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Is the English adjective "whole" genealogically related in any way to the adjective "holos", which means "whole" in Koine (and possibly other varieties of Greek; I'm not sure), and has a similar pronunciation? If so, how are they related?

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@z7sg, Why did you delete your post? I couldn't even upvote it! –  Thursagen Jun 4 '11 at 1:36
    
@Third Idiot I leapt to the completely opposite and wrong conclusion! –  z7sg Ѫ Jun 4 '11 at 1:40
    
Ah, well, you've corrected it, and its equally great -- in the opposite direction. –  Thursagen Jun 4 '11 at 1:48

1 Answer 1

up vote 6 down vote accepted

They sound very similar but are actually unrelated.

The Proto-Indo-European root of whole is *koilas. From etymonline:

whole (adj.)

O.E. hal "entire, unhurt, healthy," from P.Gmc. *khailaz "undamaged" (cf. O.S. hel, O.N. heill, O.Fris. hal, M.Du. hiel, Du. heel, O.H.G., Ger. heil "salvation, welfare"), from PIE *koilas (cf. O.S.C. celu "whole, complete;" see health). The spelling with wh- developed early 15c.

Greek holos is related to English safe and several other words, including Catholic.

safe (adj.)

late 13c., "uninjured, unharmed," from O.Fr. sauf, from L. salvus "uninjured, healthy, safe," related to salus "good health," saluber "healthful," all from PIE *solwos from base *sol- "whole" (cf. L. solidus "solid," Skt. sarvah "uninjured, intact, whole," Avestan haurva- "uninjured, intact," O.Pers. haruva-, Gk. holos "whole"). Meaning "not exposed to danger" is attested from late 14c.; of actions, etc., "free from risk," first recorded 1580s. Safe-conduct (late 13c.) is from O.Fr. sauf-conduit (13c.).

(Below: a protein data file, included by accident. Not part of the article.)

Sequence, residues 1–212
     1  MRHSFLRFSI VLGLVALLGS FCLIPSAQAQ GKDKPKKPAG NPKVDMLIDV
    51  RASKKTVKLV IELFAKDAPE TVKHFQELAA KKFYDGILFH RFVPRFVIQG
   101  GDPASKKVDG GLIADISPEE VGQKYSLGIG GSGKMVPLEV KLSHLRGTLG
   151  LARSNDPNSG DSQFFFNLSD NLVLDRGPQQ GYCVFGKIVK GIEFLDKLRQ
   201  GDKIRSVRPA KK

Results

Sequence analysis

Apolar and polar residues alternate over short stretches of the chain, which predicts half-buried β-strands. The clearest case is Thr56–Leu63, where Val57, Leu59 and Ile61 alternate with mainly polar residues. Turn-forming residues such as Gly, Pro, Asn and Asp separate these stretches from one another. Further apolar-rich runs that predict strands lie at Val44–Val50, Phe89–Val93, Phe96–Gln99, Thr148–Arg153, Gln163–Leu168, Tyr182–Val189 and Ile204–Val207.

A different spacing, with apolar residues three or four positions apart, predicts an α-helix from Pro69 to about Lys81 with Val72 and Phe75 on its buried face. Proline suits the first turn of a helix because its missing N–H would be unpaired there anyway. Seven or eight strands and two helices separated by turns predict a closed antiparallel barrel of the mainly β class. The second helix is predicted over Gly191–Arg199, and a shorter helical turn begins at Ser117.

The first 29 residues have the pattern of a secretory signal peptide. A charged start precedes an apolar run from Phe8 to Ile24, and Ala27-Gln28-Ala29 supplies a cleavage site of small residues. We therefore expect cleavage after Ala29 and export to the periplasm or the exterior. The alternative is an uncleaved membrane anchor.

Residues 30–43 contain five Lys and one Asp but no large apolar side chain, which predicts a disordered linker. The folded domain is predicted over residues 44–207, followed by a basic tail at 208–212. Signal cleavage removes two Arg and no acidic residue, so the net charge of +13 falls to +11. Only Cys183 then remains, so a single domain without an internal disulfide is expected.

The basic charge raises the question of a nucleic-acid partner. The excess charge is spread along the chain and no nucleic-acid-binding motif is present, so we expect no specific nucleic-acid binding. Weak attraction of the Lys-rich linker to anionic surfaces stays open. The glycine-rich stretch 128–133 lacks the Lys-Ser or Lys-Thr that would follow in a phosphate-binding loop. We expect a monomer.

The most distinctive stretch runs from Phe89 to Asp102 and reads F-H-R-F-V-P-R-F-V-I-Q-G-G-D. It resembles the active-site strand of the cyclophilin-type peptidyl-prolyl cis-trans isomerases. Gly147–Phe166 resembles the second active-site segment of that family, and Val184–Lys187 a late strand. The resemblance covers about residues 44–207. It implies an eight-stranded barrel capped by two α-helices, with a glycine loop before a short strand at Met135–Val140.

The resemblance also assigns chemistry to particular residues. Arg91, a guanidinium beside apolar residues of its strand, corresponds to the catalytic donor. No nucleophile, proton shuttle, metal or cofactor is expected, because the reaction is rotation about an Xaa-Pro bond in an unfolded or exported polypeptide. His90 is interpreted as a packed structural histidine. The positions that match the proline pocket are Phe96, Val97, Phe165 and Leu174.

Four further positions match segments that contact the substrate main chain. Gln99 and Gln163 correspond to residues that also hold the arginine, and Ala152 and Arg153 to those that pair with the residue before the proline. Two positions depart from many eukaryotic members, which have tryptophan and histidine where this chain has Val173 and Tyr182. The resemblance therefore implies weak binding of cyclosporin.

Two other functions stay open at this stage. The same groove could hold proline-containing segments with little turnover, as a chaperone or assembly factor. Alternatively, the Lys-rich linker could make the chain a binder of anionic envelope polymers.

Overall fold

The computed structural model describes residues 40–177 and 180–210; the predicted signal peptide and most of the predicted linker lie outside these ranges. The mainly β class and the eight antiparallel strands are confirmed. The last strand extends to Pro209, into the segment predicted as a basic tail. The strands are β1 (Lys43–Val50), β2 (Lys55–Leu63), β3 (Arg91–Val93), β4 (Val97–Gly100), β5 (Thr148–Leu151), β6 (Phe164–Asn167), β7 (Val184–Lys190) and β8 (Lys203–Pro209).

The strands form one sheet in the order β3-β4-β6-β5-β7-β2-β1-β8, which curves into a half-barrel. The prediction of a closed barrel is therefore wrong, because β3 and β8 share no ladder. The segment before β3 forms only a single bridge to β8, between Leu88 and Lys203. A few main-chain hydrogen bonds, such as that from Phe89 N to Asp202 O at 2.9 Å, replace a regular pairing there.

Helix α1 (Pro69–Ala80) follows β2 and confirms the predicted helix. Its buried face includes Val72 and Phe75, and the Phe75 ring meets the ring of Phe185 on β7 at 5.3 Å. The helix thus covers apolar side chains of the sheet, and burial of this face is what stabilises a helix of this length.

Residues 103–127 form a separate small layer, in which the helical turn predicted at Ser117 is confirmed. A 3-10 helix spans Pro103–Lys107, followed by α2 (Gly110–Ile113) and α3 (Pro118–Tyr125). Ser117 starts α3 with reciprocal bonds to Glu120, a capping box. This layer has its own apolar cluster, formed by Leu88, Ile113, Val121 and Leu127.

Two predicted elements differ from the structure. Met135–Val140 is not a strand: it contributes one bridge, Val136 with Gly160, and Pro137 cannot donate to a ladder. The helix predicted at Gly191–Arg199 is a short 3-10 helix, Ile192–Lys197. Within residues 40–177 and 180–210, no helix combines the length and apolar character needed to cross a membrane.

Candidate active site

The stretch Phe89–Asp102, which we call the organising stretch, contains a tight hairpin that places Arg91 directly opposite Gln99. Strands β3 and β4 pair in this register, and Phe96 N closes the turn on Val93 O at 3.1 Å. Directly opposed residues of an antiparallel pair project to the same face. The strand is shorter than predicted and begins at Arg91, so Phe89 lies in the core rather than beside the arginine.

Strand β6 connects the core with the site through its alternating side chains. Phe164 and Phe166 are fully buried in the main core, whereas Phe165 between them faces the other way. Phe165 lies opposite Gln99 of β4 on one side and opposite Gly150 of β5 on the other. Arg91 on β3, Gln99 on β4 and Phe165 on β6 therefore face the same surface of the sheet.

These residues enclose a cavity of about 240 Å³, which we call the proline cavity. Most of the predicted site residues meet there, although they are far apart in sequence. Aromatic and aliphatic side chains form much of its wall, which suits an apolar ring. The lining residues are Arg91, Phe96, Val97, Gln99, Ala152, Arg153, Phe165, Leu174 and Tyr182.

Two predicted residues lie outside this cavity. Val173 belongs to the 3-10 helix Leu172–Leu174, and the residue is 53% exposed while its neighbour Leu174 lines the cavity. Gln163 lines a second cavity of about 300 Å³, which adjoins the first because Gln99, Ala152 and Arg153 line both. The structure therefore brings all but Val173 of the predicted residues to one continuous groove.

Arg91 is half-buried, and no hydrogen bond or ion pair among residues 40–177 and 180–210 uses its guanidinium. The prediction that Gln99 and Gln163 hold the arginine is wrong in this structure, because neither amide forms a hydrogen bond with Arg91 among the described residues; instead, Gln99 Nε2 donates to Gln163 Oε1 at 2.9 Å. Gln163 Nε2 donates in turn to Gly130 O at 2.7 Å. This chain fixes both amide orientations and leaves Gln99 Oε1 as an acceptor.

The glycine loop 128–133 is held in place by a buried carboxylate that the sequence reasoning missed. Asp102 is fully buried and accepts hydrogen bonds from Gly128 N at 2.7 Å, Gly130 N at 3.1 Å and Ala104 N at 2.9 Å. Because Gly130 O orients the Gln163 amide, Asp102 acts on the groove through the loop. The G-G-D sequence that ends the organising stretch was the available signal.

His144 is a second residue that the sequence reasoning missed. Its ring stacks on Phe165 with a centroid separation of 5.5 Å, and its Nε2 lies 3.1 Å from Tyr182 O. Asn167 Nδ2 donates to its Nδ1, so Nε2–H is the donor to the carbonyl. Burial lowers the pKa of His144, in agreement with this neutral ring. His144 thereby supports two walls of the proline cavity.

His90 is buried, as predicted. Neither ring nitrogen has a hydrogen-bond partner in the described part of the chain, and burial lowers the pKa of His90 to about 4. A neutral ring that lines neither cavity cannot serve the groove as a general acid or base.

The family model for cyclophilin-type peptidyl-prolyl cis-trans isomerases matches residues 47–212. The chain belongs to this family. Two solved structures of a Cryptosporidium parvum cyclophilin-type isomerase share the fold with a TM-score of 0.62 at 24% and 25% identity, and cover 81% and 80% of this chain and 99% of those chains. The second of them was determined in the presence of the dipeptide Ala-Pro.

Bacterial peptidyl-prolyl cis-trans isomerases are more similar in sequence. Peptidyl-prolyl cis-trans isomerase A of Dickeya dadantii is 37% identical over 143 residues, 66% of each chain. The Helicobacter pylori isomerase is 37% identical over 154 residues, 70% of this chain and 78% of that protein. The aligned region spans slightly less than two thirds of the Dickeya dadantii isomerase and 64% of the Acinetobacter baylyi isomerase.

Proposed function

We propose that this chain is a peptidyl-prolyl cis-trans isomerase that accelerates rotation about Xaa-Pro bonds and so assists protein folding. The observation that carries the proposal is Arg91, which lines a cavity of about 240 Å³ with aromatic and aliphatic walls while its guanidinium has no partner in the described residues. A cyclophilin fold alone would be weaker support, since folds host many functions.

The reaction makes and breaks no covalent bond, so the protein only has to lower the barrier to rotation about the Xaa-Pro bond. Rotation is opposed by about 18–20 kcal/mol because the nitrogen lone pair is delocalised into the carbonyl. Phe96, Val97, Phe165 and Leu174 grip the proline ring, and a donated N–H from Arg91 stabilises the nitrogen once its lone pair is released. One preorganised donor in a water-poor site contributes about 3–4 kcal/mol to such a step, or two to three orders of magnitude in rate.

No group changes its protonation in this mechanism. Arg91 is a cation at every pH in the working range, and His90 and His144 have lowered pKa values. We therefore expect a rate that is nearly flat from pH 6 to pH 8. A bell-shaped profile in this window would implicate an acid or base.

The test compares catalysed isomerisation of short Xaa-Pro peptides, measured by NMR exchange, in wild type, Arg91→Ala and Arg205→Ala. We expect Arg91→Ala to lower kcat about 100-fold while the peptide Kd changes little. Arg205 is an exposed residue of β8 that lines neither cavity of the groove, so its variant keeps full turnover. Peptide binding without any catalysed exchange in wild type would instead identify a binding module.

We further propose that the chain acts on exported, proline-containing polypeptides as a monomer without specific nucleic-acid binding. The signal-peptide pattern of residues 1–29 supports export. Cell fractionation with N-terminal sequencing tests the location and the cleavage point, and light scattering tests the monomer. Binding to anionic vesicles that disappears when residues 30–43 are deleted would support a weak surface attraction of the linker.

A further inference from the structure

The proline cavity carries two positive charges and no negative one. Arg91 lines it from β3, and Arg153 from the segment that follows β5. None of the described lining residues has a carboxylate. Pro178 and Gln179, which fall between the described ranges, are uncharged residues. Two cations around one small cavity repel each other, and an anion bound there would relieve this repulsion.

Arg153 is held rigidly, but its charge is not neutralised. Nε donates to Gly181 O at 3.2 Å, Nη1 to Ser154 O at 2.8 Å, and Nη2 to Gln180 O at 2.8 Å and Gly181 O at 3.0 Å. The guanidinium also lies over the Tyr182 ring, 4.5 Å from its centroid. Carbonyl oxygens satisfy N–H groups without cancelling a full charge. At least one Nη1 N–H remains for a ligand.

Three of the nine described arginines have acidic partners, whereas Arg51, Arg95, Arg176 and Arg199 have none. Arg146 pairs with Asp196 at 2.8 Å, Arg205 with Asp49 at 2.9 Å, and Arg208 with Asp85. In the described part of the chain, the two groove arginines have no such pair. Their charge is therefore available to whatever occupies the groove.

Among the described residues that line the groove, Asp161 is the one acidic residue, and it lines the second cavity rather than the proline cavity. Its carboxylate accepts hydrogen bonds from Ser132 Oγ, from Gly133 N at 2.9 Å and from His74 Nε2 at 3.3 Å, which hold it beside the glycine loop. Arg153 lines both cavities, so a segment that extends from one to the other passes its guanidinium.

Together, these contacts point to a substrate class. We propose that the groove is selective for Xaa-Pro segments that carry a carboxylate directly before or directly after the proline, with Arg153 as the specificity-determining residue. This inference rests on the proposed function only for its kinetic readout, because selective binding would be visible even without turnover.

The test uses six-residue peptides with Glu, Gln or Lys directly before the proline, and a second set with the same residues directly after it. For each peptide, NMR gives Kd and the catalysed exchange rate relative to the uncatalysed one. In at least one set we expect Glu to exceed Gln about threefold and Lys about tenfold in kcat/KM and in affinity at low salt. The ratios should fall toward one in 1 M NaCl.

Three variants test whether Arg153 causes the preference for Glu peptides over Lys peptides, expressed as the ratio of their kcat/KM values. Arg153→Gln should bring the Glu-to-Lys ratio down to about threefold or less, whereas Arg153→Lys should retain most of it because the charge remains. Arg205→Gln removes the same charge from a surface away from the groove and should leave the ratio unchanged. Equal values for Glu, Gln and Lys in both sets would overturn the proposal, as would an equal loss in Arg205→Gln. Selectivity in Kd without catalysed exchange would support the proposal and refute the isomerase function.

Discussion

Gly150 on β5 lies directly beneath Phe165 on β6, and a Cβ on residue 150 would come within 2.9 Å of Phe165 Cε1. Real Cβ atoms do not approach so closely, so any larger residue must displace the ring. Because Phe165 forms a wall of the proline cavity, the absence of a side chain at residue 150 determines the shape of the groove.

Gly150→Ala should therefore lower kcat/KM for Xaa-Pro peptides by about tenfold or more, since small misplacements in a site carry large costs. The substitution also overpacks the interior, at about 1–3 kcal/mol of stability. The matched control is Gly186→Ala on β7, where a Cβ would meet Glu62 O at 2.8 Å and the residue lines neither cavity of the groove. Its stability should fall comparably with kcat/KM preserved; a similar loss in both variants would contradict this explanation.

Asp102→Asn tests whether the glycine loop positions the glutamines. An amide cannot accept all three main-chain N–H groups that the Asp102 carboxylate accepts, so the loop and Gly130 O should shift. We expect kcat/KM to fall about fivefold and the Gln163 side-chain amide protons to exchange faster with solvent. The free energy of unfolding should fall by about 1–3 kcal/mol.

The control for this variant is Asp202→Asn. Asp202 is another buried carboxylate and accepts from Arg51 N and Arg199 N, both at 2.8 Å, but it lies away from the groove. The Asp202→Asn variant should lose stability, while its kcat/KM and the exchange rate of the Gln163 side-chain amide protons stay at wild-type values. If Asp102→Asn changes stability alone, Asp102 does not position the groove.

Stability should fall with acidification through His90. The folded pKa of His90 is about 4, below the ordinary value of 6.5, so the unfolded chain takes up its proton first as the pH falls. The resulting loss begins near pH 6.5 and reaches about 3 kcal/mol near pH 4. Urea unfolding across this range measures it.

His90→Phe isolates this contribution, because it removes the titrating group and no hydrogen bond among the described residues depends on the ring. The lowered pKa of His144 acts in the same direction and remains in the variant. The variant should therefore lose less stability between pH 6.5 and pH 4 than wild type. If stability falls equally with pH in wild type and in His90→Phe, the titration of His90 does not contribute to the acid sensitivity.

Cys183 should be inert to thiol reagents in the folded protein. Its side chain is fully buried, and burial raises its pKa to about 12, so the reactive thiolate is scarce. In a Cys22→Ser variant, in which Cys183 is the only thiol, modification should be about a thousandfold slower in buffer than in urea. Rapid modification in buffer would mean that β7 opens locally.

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+1 for the great answer. I wish I could also give you another +1 for the link to etymonline.com ! –  Brennan Vincent Jun 4 '11 at 1:29
    
Um, not great I messed um completely. Fixed now. :) Etymonline is the greatest... –  z7sg Ѫ Jun 4 '11 at 1:39
    
I'd like to link my answer in this question, since it's related: Meaning of "hail to the king". –  Alenanno Jun 4 '11 at 10:44

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